Phaeleh 'Lost Time' - Deluxe Bundle.
Strictly limited edition bundle of the new Phaeleh 'Lost Time' album on 2 x 180g plates along with limited edition signed print + 320 digital.
Since his debut release in 2008, Matt Preston aka Phaeleh has developed an inimitable style of cinematic electronic music, which floats between the shifting tempos and timbres of dubstep, garage, electronicaand house music. Following the release of the ambient albums 'Somnus' (2014) and 'Illusion of the Tale' (2016), Phaeleh drops his first beat-driven long player since 'Tides' (2013).
'Lost Time' sees the Bristol based producer showcase his production versatility and diverse range of influences. It features the atmospheric sub heavy melodies Phaeleh is traditionally known for, alongside the vintage synthesisers and field recordings of his recent ambient albums, all with an increased use of live instrumentation as a result of rekindling his love of guitars and other instruments through his live shows from recent years. On 'Feel You Fade' Phaeleh is joined by singer Augustus Ghost who previously featured on 'Whistling in the Dark' and toured with Phaeleh in 2013.
2016 saw Preston returning from what he describes as 'a few years lost within the music industry abyss' with the 'All That Remains' EP released on his own Undertow label, along with remixes for Cloud Boat (Born Electric) and Roger Goula (Cognitive Shift). This was followed with a North American tour, ending with a headline performance at Sonic Bloom festival in Colorado. His return to the UK involved the release of his critically acclaimed ambient album 'Illusion of the Tale' which was supported with two sold out live shows in London and Bristol, alongside some select DJ performances.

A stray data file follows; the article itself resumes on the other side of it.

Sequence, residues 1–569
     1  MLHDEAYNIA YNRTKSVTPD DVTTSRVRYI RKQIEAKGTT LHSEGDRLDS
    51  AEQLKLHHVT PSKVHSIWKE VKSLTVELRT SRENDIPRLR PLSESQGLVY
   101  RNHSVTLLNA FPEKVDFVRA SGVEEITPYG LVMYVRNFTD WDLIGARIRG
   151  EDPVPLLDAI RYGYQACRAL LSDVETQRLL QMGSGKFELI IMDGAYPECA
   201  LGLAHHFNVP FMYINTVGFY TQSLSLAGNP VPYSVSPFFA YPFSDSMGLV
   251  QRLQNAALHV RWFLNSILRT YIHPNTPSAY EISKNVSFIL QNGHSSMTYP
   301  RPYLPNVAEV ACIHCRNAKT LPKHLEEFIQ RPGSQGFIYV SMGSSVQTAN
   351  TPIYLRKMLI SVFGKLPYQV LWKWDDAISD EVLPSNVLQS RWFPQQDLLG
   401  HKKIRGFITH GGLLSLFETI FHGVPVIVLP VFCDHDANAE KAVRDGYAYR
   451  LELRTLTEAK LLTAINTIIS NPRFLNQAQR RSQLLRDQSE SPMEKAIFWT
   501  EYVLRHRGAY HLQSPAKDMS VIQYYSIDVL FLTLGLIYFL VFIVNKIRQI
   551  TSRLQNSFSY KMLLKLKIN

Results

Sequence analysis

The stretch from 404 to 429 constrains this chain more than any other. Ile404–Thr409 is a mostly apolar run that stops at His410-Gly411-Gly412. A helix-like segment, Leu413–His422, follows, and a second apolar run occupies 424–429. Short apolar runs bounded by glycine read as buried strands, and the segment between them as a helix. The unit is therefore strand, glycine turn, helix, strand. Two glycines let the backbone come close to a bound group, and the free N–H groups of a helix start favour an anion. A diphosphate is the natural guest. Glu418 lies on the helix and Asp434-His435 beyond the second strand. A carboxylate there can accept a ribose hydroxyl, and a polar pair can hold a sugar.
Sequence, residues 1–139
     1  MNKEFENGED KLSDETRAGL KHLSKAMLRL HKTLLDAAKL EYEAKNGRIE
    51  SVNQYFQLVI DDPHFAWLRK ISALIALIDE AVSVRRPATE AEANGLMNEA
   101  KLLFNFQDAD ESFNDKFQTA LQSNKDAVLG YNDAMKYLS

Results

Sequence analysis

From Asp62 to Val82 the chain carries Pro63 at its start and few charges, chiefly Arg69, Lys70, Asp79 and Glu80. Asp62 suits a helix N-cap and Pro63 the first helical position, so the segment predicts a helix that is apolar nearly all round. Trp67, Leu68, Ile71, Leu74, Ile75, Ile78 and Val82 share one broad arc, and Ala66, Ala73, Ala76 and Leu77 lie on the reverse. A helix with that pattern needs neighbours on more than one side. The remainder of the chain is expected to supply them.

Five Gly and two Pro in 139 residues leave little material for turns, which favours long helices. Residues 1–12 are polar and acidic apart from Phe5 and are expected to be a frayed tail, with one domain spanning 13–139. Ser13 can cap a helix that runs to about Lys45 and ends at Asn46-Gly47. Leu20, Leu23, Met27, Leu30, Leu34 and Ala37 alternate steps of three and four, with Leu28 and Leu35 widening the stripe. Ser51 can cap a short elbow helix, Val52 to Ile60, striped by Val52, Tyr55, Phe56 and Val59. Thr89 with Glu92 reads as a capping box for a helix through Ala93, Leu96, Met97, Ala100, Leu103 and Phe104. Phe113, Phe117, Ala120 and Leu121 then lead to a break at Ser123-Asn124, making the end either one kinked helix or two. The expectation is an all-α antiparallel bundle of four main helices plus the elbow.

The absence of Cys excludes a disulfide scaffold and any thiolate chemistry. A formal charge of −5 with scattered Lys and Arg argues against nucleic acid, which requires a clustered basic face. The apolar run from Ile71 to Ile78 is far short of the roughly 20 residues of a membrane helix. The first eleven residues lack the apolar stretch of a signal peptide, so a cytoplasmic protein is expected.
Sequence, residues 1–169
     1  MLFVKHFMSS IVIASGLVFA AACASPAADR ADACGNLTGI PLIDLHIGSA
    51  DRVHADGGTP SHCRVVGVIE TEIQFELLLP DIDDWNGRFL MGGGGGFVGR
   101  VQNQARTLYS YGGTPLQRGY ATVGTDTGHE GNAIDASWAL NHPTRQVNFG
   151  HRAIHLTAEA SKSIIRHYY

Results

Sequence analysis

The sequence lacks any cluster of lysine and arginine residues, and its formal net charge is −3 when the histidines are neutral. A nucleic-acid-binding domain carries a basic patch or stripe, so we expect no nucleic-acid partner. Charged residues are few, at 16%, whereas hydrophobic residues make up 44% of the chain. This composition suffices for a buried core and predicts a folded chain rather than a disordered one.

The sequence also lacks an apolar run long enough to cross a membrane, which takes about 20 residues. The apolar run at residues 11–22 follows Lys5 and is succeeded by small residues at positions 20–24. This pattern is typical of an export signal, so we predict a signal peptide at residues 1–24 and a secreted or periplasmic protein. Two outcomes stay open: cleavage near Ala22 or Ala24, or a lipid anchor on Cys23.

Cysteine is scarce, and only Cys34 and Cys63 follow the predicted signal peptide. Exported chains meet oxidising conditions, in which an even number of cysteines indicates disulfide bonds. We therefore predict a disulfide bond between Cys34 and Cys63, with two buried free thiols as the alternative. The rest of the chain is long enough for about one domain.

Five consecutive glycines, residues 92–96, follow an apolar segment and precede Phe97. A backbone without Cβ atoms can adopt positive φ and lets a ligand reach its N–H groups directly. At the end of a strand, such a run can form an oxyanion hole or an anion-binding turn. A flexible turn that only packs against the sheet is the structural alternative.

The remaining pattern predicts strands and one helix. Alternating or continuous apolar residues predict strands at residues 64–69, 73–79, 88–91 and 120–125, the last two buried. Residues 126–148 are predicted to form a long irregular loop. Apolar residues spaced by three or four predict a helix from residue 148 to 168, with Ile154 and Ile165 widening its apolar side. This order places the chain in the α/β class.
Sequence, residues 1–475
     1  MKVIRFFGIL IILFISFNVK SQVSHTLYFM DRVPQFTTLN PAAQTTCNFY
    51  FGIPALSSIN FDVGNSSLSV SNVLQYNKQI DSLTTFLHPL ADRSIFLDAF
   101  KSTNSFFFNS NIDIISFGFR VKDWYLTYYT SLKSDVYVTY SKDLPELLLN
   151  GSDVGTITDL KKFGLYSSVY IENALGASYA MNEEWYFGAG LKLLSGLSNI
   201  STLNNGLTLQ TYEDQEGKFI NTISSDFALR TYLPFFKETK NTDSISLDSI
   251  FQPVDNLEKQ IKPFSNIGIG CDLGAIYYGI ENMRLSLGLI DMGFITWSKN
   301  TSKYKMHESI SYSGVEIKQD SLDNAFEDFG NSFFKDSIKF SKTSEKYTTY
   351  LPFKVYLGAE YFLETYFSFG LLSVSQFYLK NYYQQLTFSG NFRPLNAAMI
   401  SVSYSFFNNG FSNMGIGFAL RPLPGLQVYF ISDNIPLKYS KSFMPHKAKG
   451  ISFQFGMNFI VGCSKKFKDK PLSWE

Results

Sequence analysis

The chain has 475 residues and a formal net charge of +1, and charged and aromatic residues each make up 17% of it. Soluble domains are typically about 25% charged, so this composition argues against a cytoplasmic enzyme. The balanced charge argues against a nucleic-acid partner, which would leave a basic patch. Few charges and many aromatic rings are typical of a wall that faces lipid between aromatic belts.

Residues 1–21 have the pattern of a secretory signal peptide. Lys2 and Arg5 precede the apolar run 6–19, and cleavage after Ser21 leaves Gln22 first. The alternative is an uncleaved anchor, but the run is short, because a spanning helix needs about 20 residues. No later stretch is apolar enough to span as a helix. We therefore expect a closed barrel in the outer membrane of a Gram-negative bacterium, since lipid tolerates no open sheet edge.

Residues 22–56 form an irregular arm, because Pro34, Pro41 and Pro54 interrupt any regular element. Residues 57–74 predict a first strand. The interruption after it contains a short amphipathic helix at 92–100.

"'Lost Time' definitely shares some of the surface noise from the 2016 ambient album 'Illusion of the Tale', so I would describe it as being a lot dustier and almost less clean or refined as some of my older output. But whilst itâ€™s definitely a lot rougher around the edges, I hope itâ€™s more interesting sonically to the listener.
It was mostly written towards the end of 2014 and early 2015. It does feel like itâ€™s drawing a line under a very frustrating few years in the industry, and to me is a sign that I can get back to making music and letting people hear it in the way I want.
I think the title also refers to the fact we're all guilty of saying we'll make up for 'lost time' in so many areas of life. I think it just refers to the fact that we never can, whether it's neglecting our friends and family, missed opportunities or just a general sense of regret as to how we've spent our time when looking back and reminiscing."